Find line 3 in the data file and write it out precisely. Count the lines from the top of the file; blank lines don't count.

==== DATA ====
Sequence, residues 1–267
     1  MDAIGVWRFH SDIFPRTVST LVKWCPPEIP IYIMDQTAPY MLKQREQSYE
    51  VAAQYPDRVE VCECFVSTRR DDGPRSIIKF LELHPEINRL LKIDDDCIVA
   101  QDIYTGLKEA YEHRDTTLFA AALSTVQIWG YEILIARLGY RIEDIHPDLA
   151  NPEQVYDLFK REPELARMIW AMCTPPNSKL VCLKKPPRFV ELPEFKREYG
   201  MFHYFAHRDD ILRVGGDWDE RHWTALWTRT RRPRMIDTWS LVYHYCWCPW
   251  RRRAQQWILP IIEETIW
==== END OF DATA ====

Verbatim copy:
    51  VAAQYPDRVE VCECFVSTRR DDGPRSIIKF LELHPEINRL LKIDDDCIVA